So, the Parliamentary Labour Party (PLP) has finally decided on a challenger for the leadership: Owen Smith. Like it or not, Smith is never going to be viewed as a left-wing candidate whilst sharing the limelight with Corbyn.
This means, however unfairly, he will be seen by the membership as the candidate of Progress, of the Labour Establishment, and of Blairism. Let’s take a brief overview of what the layman party member knows about Smith. They read that previously he voiced support for Private Financial Initiative (PFI) schemes to fund hospital construction; that he once worked as a press advisor for Pfizer, and he is very evidently not Jeremy Corbyn.
What do I mean by this? To truly understand, one has to look at the reason Corbyn won the 2015 Labour leadership election so resoundingly (it must be stressed, amongst all groups in the party, not just registered supporters and affiliates). Even for those in the party almost diametrically opposed to the Corbynista’s underlying ideology, it is essential to understand and acknowledge Corbyn’s successes in order to put up an effective and electorally viable opposition to it.
The very reason for the heady atmosphere of Corbyn’s ‘straight talking revolution’ that captured Labour’s imagination, was precisely that it offered a completely fresh vision. Corbyn emerged with a coherent, expansive platform he’d unwaveringly supported for years, and - much to the horror of dismissive party grandees - policy backed up or even produced by expert economists and tax campaigners like Thomas Piketty, Richard Murphy, and Nobel Laureate Paul Krugman.
Platforms like unilateral disarmament, scrapping tuition fees, expansive state ownership played to the sensibilities of an exasperated Socialist grassroots, convinced it would never see the return of its true political colours. I believe Corbyn’s originality actually had very little to do with the fact he’s somewhat doddery and not media-schooled. Members finally felt that they were having a real say, not just in selecting a figurehead, but in shaping the whole ideology of Britain’s largest political party.
This concept of ‘participating in a movement’, perpetuated by both Labour leadership and Momentum has not dissipated with time. Quite the opposite. Indeed, it contributes to the relative unpopularity of Smith & co.
Love or loathe them, Corbyn and McDonnell have engineered a crystal clear platform that is not only popular with a majority of members, but on which Corbyn and policy are almost indistinguishable. For many members of the party now, Corbyn is Socialism and Socialism is Corbyn. Far more slyly, through establishing such coherent foundations, McDonnell has, for many, destroyed the credibility of any anti-Corbyn sentiment by making it seem founded not in policy but bitterness. This is where the main problem for Smith arises.
Through no fault of his own, Smith is being viewed through a prism of buzzwords like ‘Blairite’, ‘plotter’, and ‘red tory’, which distort his political positioning. Thanks to some quite brilliant political operating by the hard left, Smith now faces a huge battle to be associated with policy, and not just become the ‘anyone-but-Corbyn’ candidate.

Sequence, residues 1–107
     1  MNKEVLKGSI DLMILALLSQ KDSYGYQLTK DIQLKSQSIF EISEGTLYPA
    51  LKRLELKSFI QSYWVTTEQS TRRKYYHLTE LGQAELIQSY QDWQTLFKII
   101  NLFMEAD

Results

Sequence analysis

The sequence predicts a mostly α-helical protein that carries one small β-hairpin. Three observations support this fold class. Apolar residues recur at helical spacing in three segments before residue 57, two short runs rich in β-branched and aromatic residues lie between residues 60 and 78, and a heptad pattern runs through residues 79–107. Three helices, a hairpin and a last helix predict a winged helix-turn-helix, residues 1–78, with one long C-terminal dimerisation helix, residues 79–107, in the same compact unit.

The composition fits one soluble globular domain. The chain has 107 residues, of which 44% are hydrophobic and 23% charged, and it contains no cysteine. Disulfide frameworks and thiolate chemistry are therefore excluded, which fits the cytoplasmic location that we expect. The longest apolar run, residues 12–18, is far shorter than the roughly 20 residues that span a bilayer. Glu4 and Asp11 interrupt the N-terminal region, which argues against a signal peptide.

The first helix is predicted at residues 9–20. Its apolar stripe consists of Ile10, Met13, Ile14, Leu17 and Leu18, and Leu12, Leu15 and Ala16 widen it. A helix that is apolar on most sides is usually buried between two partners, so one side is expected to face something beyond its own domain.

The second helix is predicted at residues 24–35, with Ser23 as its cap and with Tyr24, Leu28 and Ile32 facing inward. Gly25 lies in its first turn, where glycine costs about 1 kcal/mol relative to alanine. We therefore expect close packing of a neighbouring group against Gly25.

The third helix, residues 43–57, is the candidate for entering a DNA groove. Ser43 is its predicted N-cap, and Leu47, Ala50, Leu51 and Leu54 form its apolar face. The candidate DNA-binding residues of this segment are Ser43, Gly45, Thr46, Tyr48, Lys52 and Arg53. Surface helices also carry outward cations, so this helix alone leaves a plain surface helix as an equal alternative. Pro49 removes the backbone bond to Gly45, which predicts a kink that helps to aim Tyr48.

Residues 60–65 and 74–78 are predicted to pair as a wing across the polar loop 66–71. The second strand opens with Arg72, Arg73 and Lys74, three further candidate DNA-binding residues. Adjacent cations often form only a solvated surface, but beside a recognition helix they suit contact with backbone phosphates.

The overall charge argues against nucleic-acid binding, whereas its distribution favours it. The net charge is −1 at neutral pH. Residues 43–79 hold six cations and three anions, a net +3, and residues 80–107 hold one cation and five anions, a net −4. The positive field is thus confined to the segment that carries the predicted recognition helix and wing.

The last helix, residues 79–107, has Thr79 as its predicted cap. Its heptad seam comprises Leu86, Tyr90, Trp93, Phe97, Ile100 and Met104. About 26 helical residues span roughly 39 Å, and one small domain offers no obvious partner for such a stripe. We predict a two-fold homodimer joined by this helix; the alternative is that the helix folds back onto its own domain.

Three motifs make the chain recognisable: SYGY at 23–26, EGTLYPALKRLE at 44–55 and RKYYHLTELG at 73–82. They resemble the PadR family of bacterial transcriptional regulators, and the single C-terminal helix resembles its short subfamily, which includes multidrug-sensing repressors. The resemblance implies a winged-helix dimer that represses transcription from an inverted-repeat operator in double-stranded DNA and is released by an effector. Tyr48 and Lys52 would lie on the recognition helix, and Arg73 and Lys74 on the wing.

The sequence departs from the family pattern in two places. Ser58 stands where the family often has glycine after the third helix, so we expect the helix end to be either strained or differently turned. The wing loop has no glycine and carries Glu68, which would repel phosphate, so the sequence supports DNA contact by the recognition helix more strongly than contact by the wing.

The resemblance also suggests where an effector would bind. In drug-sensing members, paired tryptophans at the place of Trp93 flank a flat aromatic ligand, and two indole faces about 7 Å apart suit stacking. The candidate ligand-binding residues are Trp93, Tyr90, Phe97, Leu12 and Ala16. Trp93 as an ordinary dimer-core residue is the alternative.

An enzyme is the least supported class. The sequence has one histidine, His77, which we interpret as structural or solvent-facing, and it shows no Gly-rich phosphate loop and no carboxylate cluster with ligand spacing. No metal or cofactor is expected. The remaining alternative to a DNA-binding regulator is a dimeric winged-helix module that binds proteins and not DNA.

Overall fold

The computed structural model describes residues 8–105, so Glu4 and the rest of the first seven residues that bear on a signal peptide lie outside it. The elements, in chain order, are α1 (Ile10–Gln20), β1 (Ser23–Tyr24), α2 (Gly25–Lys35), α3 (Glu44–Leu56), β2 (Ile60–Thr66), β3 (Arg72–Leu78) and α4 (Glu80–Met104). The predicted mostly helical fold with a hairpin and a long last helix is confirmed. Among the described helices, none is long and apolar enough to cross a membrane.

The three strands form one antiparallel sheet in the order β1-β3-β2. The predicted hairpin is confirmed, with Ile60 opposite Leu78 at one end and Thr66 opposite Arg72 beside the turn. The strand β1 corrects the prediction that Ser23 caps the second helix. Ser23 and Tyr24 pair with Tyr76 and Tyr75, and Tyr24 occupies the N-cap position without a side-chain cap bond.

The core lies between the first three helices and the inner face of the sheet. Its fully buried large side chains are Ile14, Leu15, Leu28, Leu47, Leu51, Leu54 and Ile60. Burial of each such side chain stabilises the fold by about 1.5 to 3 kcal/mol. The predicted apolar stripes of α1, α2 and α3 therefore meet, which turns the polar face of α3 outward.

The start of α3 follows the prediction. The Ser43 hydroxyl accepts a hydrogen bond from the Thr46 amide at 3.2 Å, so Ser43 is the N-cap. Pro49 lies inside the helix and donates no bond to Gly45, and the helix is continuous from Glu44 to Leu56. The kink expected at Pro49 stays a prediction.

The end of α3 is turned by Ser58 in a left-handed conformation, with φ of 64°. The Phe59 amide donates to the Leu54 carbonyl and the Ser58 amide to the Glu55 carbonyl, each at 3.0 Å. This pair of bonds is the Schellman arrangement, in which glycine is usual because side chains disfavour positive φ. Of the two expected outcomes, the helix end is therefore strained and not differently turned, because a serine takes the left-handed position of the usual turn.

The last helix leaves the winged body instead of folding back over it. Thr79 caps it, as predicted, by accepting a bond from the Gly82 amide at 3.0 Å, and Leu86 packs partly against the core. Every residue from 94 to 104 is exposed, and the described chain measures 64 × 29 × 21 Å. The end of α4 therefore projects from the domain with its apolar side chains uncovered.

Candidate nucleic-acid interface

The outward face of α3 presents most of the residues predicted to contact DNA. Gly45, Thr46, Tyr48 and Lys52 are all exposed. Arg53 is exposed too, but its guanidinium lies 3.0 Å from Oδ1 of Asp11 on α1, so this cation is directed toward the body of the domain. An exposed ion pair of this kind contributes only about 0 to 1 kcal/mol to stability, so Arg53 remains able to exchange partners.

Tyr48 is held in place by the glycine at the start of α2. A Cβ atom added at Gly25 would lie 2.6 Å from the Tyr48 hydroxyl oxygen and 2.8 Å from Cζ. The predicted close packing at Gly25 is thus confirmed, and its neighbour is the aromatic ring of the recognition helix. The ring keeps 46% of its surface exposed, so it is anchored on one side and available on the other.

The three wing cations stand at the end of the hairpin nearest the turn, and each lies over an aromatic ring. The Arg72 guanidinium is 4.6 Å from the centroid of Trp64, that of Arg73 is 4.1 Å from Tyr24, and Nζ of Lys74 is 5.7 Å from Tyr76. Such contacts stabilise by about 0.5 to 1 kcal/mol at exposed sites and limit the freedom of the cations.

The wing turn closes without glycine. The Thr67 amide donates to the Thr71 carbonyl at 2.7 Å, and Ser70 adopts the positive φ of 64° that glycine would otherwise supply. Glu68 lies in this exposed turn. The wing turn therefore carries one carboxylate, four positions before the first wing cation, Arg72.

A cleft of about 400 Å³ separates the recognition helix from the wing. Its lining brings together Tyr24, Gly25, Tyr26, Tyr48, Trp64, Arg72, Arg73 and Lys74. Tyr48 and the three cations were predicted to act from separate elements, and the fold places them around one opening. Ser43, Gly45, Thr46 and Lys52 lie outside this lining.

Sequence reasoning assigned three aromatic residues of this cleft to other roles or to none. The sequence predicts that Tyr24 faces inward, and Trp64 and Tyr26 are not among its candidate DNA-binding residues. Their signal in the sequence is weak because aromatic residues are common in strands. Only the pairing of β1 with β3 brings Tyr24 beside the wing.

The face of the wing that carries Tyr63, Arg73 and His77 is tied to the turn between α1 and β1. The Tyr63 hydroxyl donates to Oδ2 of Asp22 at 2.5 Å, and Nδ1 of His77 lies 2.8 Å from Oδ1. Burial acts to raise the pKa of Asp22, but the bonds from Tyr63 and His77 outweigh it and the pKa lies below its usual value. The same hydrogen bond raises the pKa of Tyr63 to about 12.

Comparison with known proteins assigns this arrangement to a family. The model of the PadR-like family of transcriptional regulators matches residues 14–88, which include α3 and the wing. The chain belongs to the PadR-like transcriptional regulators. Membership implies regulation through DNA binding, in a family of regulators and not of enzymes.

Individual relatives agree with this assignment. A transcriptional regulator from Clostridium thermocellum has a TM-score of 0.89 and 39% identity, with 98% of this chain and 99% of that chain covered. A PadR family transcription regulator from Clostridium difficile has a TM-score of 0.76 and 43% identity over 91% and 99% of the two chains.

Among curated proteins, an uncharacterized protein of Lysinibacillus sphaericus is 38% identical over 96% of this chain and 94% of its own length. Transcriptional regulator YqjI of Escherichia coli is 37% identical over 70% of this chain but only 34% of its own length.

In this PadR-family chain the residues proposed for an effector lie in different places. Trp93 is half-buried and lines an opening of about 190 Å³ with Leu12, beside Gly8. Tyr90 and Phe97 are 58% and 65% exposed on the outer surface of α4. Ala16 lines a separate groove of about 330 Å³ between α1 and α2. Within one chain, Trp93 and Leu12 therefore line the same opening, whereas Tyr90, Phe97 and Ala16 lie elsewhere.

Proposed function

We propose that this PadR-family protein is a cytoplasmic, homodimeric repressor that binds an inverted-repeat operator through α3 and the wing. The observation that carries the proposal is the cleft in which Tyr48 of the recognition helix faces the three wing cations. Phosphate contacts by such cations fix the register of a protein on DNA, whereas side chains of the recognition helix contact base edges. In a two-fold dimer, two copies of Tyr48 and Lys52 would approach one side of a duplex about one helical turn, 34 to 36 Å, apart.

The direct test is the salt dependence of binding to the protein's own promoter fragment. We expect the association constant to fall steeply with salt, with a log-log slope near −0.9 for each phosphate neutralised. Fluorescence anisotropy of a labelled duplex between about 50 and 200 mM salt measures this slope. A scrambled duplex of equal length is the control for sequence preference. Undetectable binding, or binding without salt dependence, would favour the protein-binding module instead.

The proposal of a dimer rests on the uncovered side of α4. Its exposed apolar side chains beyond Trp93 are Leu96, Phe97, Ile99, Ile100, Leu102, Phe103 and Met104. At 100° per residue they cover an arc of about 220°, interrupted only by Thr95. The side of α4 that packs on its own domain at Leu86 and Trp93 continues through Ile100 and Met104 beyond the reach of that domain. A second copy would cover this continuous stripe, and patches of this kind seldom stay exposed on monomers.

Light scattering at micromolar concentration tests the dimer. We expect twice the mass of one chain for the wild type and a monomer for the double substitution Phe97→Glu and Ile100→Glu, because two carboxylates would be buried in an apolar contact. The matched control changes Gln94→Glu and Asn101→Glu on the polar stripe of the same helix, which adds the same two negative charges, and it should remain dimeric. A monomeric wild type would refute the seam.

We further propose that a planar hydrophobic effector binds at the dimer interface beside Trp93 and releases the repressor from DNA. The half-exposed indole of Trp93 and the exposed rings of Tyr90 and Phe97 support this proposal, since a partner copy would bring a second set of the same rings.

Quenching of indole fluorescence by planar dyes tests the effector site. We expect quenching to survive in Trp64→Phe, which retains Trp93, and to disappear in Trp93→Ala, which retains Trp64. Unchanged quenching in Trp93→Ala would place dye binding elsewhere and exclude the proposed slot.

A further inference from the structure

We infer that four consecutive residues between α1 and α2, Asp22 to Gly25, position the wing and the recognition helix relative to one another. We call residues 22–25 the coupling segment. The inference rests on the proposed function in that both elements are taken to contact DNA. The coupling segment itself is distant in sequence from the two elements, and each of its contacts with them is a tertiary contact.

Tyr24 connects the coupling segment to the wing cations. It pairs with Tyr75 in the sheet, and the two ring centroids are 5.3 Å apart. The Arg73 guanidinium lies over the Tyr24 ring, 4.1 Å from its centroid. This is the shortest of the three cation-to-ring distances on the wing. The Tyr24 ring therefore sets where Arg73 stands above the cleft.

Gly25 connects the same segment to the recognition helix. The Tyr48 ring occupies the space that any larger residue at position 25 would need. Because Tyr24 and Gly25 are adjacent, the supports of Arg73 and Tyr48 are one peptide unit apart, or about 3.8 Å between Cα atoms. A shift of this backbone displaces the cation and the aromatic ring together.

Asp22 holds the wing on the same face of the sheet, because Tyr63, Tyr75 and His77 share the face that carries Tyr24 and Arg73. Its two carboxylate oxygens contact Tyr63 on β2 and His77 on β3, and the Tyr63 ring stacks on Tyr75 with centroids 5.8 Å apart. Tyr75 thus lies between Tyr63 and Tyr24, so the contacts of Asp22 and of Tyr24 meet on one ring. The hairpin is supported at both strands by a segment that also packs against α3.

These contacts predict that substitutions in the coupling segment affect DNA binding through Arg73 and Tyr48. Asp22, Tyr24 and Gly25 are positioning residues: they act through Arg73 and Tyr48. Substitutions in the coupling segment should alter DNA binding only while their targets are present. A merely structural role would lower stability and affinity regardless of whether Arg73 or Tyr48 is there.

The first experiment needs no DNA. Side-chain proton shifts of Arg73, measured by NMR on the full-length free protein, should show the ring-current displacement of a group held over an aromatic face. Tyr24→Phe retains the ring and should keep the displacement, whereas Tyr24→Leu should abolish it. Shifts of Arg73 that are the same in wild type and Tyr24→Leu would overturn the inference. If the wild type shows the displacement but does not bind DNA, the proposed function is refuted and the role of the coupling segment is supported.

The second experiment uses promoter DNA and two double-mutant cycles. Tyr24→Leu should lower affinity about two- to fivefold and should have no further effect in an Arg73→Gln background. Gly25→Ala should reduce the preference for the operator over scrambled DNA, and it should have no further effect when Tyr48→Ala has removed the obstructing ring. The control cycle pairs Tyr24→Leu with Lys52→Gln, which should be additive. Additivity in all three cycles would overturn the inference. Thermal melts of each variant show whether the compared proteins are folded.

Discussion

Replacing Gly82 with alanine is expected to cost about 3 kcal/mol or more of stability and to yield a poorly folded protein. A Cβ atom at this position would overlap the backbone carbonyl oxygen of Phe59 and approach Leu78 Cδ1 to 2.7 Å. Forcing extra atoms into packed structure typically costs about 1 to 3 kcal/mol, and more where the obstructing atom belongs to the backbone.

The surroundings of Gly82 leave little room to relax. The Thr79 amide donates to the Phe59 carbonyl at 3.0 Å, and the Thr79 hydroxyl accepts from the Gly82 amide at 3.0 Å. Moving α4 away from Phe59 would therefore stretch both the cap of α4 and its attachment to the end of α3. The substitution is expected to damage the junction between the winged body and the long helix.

The issue is that Smith’s prominent standard bearers have failed to grasp that merely pointing out Corbyn’s faults is not enough. The complete refusal of Corbyn’s core supporters to either accept or care about his unelectability and alleged incompetence is evidence to this.
In fairness, since winning nominations from his fellow PLPs, the stall Smith has set up for the voting public has been fairly policy oriented, including a £200bn pound stimulus package for public investment, courting the vote of the unions by supporting a nuclear replacement, and even proposing a second EU referendum.
Nevertheless, it remains the case that those who most vociferously support Smith are doing so by going after Corbyn. This proves especially true for those on the anti-socialist right of the party who have attached themselves to Smith as the unity candidate, but in truth share less of his beliefs than they would have one think. MPs like Michael Dugher, Mike Gapes, Jamie Reed amongst others regularly slate in derisory terms Corbyn’s team, Momentum, and even supporters, signposting the many gaffes and failures of their short tenure.
These genuine Blairites (I use the word free from judgment, it is a moniker I believe they wear proudly), do not seem to fully comprehend that a group of MPs who have constantly undermined a leader with a vast mandate don’t best please the electorate by attacking the left of the party. Even putting aside the slurs, (I don’t claim for a second they are unreciprocated), their enthusiastic trashing of the hard left does little to aid Smith’s cause.
On Friday morning Smith announced his campaign team, including some inspired picks such as the ever-insightful Lisa Nandy, who in a recent interview with Owen Jones spoke very saliently of the divide between “two opposing wings of the party [fighting] a battle which could smash it to pieces”.
The mammoth task facing the Saving Labour team is to associate themselves with neither. The only way Smith comes out of this election on top is to be the candidate of neither Progress nor Momentum, but the candidate of liberal, progressive policies that a country battered by draconian Tory rule is crying out for.
When people question Smith’s credentials I want to see more than finger pointing towards Corbyn’s past working for Iranian state T.V. If members start throwing the word Blairite around, the reply I want to see is Smith’s role in delivering two major U-Turns over Personal Independence Payments and tax credits.
I do believe Owen Smith could genuinely be the man to save the Labour Party. But to be our knight in shining armour he has to do more than just not be Jeremy Corbyn.